When to Visit Cancun
Getting Around Cancun
A 14-mile sandy strip on the Yucat n Peninsula that’s shaped like the number seven, Canc n is dotted with resorts, beaches and fun. The area includes Boulevard Kukulc n, which runs through the Hotel Zone (or Zona Hotelera), and extends to downtown Canc n, located west and further inland. La Isla Mujeres (the Island of Women) is a short ferry trip away.
When traveling to Canc n, your options can be limited in terms of variety but here’s some advice: if you’re seeking a traditional Canc n getaway think all-inclusive resorts and s pring break the Hotel Zone should suit you just fine. For something a little different or cheaper, book accommodations downtown.
The Hotel Zone
Canc n’s main thoroughfare is the Boulevard Kukulc n, which runs through a collection of hotels, resorts and attractions generally known as the Hotel Zone. Beaches including Playa Langosta and Playa Tortugas in the north, Playa Gaviota and Playa Chacmool in the middle of the strip, and Playa Delfines on the southeastern side line this area. Chances are you’ll travel to Kukulc n most often, and fortunately it’s easy to traverse both by bus and by foot.
Downtown Canc n
Canc n proper is a relatively small resort city that’s dominated by more than 150 hotels and other commercial properties. But uniquely Mexican neighborhoods are within reach (via bus) of downtown Canc n, which is located to the west of the Hotel Zone.
For a more elegant experience, try visiting Isla Mujeres. a small island town about 8 miles northeast of Canc n. Isla Mujeres’ placid Playa Norte beach is a serene scene for those travelers desiring a more secluded swim. To get there, take a ferry from nearby Puerto Ju rez (at the northern tip of Canc n’s “7”).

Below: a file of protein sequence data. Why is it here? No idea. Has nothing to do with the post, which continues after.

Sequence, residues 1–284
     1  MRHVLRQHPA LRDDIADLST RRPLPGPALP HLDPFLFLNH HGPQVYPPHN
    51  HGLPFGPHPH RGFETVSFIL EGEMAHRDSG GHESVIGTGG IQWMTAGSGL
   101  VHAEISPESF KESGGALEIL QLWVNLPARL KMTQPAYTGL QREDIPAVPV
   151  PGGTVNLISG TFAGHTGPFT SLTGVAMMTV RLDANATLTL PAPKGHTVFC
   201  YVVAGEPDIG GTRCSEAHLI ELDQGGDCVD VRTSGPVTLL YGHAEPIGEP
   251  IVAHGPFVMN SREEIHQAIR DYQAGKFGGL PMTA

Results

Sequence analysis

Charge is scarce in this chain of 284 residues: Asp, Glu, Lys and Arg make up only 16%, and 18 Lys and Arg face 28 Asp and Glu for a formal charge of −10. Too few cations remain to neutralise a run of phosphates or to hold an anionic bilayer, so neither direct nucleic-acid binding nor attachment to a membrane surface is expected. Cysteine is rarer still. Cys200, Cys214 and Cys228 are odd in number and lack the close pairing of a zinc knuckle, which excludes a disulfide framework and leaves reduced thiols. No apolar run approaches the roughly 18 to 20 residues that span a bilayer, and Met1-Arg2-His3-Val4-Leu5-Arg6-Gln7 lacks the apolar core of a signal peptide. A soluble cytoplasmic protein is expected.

Canc n has largely avoided the drug violence that has afflicted much of Mexico in the past decade. But while crime against tourists is especially low, the U.S. State Department advises constant vigilance. Your most important safety concern in Canc n is likely to be in the water. Beware of rough surf and only swim when supervised by a lifeguard. White or green beach flags signify safe waters while yellow or orange flags advise caution. If you see a red flag, swimming is prohibited.
The best way to get around Canc n is the bus, which stops frequently along Boulevard Kukulc n and within the downtown area. One-way fares are a steal at 8.5 Mexican pesos, making a ride in a Canc n taxi seem exorbitant. However, you should splurge for a cab to get to and from the Canc n International Airport (CUN), located about 6 miles from the Hotel Zone and 9 miles from downtown. There are car rental kiosks in the airport but driving yourself isn’t recommended the area’s narrow roads and speedy traffic patterns can be intimidating.